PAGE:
THE JUXTAPOSITION last week was startling. On the same day, (a) voters in the Missouri primary overwhelmingly approved a state constitutional amendment establishing marriage as being exclusively between a man and a woman, and (b) a state judge in Washington ruled that the 19th-century writers of that state's constitution had made exclusively heterosexual marriage unconstitutional.

The vote in Missouri was not close: 71 percent in favor of the constitutional amendment, 29 percent against. Moreover, because of a hard-fought primary that wound up ousting Democratic governor Bob Holden, turnout was weighted to the Democratic side--roughly 58 percent Democratic voters, 42 percent Republican. And the opponents of the amendment--the pro-gay-marriage side--outspent backers of traditional marriage roughly 40 to 1--$400,000 to $10,000.

Missouri, the first state to hold a referendum since the Massachusetts supreme court imposed same-sex marriage over the objections of the governor and state legislature, confirmed that nothing has changed in voters' attitude to the idea. In 1998, it was Hawaii and Alaska; in 2000, Nebraska; in 2002, Nevada. In 2004, Missouri. The vote in every one of these states was more than 2-to-1 in favor of a constitutional prohibition of gay marriage. In Hawaii, the only state more Democratic than Massachusetts when it comes to electing Democrats as governors, senators, and congressmen, the vote was 69.2 to 28.6 percent in favor of an amendment overruling that state's supreme court. Between now and November 2, as many as 12 more states will hold constitutional referendums on marriage.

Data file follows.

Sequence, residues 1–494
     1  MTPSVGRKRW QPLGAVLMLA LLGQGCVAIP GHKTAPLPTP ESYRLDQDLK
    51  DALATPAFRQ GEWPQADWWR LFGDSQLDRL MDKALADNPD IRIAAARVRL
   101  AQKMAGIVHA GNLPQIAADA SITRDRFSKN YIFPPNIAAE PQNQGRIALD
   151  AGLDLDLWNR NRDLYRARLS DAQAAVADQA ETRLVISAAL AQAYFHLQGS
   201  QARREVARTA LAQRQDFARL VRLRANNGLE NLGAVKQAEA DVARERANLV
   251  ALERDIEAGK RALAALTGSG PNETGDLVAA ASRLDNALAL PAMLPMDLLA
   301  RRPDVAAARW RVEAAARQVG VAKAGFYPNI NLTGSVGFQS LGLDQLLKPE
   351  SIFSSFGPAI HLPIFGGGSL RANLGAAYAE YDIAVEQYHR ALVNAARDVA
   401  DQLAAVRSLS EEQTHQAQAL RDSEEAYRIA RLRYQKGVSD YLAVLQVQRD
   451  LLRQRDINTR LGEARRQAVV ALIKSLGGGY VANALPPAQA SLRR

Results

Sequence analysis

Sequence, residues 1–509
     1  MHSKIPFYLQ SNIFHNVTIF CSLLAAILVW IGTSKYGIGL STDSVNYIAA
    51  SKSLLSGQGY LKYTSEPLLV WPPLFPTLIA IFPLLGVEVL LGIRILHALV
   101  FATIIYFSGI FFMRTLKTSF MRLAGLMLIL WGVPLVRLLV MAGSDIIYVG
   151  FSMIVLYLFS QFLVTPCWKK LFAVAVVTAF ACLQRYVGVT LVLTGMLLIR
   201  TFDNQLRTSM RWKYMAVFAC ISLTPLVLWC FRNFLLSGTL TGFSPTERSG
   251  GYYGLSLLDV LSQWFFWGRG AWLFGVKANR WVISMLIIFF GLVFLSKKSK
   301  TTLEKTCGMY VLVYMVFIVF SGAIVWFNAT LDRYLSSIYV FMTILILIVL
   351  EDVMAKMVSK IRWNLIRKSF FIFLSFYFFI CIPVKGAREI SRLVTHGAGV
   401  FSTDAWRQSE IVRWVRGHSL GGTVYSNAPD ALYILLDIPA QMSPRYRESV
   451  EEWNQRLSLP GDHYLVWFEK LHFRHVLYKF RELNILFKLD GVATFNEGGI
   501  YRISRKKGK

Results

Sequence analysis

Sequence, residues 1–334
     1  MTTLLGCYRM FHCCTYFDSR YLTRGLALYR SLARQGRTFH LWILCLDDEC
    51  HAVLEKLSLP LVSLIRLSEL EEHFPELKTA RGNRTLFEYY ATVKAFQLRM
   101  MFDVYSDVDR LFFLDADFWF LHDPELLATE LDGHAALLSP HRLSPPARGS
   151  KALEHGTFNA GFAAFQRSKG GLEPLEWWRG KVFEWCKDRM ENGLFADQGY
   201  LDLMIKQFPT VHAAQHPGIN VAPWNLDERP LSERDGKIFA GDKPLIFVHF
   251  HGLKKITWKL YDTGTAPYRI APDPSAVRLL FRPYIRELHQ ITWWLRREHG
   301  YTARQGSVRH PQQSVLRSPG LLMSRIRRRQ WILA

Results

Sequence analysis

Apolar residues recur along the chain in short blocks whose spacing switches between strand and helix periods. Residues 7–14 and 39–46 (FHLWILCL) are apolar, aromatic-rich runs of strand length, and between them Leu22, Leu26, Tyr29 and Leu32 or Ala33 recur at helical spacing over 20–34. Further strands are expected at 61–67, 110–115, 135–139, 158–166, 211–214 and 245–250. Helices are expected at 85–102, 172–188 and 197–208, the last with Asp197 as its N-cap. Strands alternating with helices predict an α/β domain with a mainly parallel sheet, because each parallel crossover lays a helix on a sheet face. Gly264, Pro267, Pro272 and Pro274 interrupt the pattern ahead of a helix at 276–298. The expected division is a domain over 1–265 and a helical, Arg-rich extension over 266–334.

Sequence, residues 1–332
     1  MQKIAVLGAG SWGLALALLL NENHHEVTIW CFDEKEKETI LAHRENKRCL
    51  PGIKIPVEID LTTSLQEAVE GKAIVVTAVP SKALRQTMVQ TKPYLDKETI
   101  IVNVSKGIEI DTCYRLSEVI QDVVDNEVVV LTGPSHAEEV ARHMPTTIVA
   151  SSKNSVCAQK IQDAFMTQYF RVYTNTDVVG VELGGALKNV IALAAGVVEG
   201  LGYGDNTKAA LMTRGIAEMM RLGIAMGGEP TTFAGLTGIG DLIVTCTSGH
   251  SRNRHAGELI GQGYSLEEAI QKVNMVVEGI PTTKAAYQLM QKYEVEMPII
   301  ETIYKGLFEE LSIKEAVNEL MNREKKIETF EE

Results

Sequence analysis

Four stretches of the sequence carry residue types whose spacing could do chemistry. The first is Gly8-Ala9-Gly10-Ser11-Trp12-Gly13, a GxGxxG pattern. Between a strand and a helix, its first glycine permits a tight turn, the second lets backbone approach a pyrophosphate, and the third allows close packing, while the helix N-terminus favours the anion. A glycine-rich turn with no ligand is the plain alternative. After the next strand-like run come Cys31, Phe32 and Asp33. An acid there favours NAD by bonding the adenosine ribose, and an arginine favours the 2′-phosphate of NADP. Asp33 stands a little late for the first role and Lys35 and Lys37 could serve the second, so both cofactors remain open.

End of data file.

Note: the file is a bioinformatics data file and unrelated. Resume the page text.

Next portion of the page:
John Kerry, as it happens, was in Missouri the day after the same-sex marriage vote. It is a state in which, according to the daily political newsletter The Hotline, two of the three most recent polls show Kerry leading George W. Bush; the third has the two candidates tied. Missouri's 11 electoral votes, won narrowly by Bush in 2000, would make Kerry president if the 49 other states stayed with the same party as in 2000.

Asked in St. Louis about the previous day's vote, Kerry said he had no problem with it. He, after all, unlike George W. Bush, is the candidate who favors letting each state make its own decision. He didn't add that he was one of 14 senators, all liberal Democrats, who voted against the Defense of Marriage Act, signed into law by President Clinton in 1996. The purpose of DOMA was to let each state prohibit same-sex marriage even if a gay couple, married under some other state's law, demanded recognition of their union by invoking the Full Faith and Credit clause of the U.S. Constitution. In his 1996 statement opposing DOMA, Kerry said he believed the law to be unconstitutional.

John Edwards was not yet in the Senate when DOMA passed. But during the primaries he stated that he, too, would have voted against it. So on this, as on so many other issues, Edwards is in complete agreement with his running mate: He is in favor of the right of states to define marriage, but opposed to the federal legislation that sought to guarantee each state the right to keep its own definition.